3 Submarine Rescue Ships Hunting for Missing Indonesian Submarine

April 22, 2021 10:34 AM
MV Swift Rescue departing Changi Naval Base for the search operation. Singapore Defense Ministry Photo

KULA LUMPUR — Search efforts on Thursday have yet to turn up any sign of the missing Indonesian attack submarine KRI Nanggala (402) and 53 personnel. Meanwhile, submarine rescue ships from three different countries are en route to the scene near Bali.

India, Malaysia and Singapore have all dispatched their respective submarine rescue ships to the area with both Malaysia and Singapore stating that the crew of their ships had been augmented with an embarked medical team. Singapore’s MV Swift Rescue departed from Changi Naval Base, Singapore on Wednesday and is expected to arrive on the scene this weekend, according to the Indonesian Armed Forces Information Centre. Malaysia’s Ministry of Defence stated that its submarine rescue ship MV Mega Bakti had left RMN Kota Kinabalu on Thursday at 7:00 a.m. Malaysian time and was scheduled to arrive at 3:00 p.m. on Sunday. India’s Ministry of Defence stated that its Deep Submergence Rescue Vessel (DSRV) had been despatched on Thursday from Visakhapatnam Naval Base though it gave no time of arrival. Indian Defense Minister Rajnath Singh also said on his official Twitter account that he has requested the Indian Air Force to see the feasibility of induction of the DSRV intervention system by air.

KRI Nanggala (402) in 2015. US Navy Photo

Earlier on Thursday morning, the Indonesian Armed Forces Information Centre stated in a press conference in Bali that five Indonesian naval ships — the frigates KRI Raden Eddy Martadinata (331), and KRI I Gusti Ngurah Rai (332), corvette KRI Diponegoro (365), Hospital ship KRI Dr. Soeharso (990) and minehunter KRI Pulau Rimau (724 ) along with a Navy AS565 Panther helicopter — were currently searching for the submarine and that the survey ship KRI Rigel (933) was inbound to the search area. Several oil slicks have been found at various locations in the search area but none of these could be confirmed as coming from the missing submarine, officials said.

However, at a later press conference held by Chief of the Indonesian Armed Forces, Air Chief Marshal Hadi Tjahjanto and Indonesian Navy Chief Admiral Yudo Margono in Bali, Admiral Margano said 21 Indonesian Navy ships, two submarines and five aircraft were conducting search operations though he did not identify the ships involved. The Indonesian Navy Chief also stated that the missing submarine was expected to have 72 hours of oxygen available from the time contact was lost and that the oxygen would run out by 3:00 a.m. on Saturday Indonesian time.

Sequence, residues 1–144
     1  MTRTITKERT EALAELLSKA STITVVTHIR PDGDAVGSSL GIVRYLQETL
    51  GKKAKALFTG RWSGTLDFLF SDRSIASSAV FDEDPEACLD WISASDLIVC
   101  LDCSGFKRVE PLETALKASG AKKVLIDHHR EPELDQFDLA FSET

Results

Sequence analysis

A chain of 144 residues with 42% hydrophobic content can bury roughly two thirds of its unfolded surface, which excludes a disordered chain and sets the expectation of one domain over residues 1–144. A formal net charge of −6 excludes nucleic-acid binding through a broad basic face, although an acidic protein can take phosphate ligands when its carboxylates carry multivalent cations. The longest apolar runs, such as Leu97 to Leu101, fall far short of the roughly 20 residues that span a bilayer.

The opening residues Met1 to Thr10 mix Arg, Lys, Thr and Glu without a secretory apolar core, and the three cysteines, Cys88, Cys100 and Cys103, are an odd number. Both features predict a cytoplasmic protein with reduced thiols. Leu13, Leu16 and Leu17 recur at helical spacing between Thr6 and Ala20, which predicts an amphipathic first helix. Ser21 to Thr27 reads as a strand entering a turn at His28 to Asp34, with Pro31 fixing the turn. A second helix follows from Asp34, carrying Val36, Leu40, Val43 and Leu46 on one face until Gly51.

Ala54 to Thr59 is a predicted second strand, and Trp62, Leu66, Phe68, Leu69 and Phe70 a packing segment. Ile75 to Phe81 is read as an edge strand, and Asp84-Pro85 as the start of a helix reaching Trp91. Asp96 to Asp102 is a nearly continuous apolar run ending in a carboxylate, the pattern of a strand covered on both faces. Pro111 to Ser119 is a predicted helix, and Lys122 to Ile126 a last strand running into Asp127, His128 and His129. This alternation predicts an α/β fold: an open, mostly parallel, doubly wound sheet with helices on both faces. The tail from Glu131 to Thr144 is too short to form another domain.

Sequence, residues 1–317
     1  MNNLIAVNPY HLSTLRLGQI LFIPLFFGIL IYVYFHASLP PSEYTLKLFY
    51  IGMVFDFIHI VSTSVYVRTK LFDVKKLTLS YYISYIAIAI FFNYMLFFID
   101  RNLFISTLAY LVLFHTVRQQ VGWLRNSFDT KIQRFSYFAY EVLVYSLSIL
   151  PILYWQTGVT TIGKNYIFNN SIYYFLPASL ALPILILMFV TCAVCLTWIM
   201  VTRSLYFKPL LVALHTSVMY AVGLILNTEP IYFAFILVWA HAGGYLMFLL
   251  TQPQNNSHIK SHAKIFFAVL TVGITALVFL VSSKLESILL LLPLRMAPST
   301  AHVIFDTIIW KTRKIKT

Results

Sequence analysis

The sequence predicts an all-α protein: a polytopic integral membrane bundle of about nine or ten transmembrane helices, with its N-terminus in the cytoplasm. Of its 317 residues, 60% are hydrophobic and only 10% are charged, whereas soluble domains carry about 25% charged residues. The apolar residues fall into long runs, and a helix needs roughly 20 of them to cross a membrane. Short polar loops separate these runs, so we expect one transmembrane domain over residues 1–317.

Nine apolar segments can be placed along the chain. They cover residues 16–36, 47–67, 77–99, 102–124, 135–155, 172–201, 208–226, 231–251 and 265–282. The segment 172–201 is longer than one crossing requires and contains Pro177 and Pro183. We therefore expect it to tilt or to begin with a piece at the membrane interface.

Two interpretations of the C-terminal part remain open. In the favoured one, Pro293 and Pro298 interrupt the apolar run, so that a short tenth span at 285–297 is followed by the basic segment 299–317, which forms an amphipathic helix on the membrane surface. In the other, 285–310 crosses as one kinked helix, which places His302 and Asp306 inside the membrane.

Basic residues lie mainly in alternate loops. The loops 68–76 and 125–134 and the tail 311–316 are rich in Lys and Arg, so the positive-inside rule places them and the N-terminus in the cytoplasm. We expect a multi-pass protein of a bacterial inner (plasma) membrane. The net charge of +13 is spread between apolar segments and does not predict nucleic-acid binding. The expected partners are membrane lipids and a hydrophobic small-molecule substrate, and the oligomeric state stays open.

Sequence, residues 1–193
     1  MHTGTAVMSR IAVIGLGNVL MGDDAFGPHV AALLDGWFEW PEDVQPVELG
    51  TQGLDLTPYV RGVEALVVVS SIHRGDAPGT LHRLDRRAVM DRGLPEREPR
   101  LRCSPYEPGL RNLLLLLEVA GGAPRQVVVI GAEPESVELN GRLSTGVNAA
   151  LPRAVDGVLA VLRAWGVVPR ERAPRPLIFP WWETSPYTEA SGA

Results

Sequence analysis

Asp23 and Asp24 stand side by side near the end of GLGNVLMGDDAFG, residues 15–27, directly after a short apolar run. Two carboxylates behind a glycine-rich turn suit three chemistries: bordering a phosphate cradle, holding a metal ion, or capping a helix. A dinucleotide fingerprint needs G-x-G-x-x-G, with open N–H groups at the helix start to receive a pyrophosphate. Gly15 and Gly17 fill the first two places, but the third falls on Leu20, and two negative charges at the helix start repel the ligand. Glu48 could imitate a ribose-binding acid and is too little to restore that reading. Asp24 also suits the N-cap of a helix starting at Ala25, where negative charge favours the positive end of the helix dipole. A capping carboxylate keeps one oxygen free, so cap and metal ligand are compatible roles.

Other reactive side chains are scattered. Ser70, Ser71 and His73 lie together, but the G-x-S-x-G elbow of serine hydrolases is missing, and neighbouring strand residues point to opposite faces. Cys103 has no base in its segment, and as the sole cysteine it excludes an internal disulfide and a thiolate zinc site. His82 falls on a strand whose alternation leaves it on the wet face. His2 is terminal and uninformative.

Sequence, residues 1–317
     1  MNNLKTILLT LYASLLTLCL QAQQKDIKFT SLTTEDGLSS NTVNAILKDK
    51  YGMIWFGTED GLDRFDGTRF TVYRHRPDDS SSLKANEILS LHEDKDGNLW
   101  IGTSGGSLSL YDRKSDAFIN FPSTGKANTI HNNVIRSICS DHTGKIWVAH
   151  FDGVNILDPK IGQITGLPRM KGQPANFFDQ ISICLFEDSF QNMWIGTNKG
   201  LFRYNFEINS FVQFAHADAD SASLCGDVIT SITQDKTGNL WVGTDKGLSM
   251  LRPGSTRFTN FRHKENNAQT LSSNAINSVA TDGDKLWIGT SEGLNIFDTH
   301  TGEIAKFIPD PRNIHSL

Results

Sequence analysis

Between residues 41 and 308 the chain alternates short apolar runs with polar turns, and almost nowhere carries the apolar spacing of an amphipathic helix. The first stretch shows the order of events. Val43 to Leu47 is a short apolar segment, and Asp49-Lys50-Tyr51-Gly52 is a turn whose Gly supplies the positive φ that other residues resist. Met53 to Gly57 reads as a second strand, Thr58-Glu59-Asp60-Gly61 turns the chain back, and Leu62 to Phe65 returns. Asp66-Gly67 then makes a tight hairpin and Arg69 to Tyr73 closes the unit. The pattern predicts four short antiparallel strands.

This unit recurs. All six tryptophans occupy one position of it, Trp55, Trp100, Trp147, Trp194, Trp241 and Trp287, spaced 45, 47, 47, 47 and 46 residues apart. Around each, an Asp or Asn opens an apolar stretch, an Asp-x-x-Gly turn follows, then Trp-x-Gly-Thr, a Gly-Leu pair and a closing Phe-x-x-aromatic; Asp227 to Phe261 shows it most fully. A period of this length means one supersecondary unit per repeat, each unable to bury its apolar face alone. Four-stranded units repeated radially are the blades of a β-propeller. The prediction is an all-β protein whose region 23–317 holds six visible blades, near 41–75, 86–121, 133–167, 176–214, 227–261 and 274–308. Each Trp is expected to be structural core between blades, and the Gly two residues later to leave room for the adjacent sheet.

Indian Navy Deep Submergence Rescue Vessel (DSRV). Indian Ministry of Defence Photo

Margano stressed that the submarine at the time of its disappearance was fully combat-ready and in its service since 1981 had conducted 15 firings of training torpedoes and two live torpedos in ship sinking exercises where both targets had been sunk as a result. He added that the missing submarine had undergone dock maintenance at the PT Pal shipyard in January 2020. Margano also stated that ten countries that were members of a submarine conference group had offered assistance but he did not state which countries they were and the specific submarine conference group. Air Chief Marshal Tjahjanto stated that a magnetic object floating at a depth of 50 meters to 100 meters had been found and that KRI Rigel was on the way to retrieve the object. Both chiefs had earlier flown out to KRI Dr. Soeharso to observe the progress of the search operation.

MV Mega Bakti. Royal Malaysian Navy Submarine Force Photo
Dzirhan Mahadzir

Dzirhan Mahadzir

Dzirhan Mahadzir is a freelance defense journalist and analyst based in Kuala Lumpur Malaysia. Among the publications he has written for and currently writes for since 1998 includes Defence Review Asia, Jane’s Defence Weekly, Navy International, International Defence Review, Asian Defence Journal, Defence Helicopter, Asian Military Review and the Asia-Pacific Defence Reporter.

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